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The Official Tourism Website for Shropshire

If you’re a history buff, you’ll be in your element exploring Shropshire. The county is jam-packed with historical sights. They range from the substantial remains of one of Britain’s biggest Roman towns to the many attractions associated with the Industrial Revolution at Ironbridge Gorge. You can also discover a host of medieval castles – built to keep the neighbouring Welsh at bay, the county has over 30 – and a cornucopia of timber-framed Tudor houses.

We’ve highlighted the very best places to visit in Shropshire from key periods of British history, from the Bronze Age right through to the 20th century. The county also has a wide choice of historic places to stay, and we’ve picked out a few of the best, with options to suit all budgets.

 

Bronze Age

Mitchell’s Fold Stone Circle was constructed some time between 2000 and 1400 BC. Dramatically set in high moorland on Stapeley Hill ridge in south-west Shropshire, the large circle consists of 15 standing stones; there were probably 30 originally. As with other prehistoric circles, the purpose of this circle isn’t clear, but it may have been to do with ceremonies or lunar or solar events.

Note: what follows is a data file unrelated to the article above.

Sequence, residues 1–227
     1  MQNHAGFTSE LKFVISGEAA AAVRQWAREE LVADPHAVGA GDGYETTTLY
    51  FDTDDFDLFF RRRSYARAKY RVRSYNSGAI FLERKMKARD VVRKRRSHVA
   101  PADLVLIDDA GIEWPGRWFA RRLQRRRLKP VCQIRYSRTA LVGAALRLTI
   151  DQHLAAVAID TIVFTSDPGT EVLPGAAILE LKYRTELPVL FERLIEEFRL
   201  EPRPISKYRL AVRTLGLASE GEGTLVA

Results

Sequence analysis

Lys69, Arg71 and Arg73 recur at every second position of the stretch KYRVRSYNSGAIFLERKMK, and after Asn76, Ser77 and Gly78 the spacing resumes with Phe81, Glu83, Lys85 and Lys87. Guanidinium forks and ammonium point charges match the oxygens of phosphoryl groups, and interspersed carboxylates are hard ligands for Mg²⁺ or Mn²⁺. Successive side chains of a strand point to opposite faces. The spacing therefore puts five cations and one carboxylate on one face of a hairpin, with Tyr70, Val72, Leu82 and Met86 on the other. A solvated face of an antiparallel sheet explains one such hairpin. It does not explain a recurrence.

Iron Age

Shropshire may have as many as 50 hillforts dating from the Iron Age (800 BC to 43 AD). Old Oswestry Hillfort is one of the most impressive and extant of such hillforts anywhere in Britain, and sometimes referred to as “the Stonehenge of the Iron Age”. It is vast. Its five sets of ditches and earth ramparts, which are up to six metres high, enclose a central area of around 21 acres.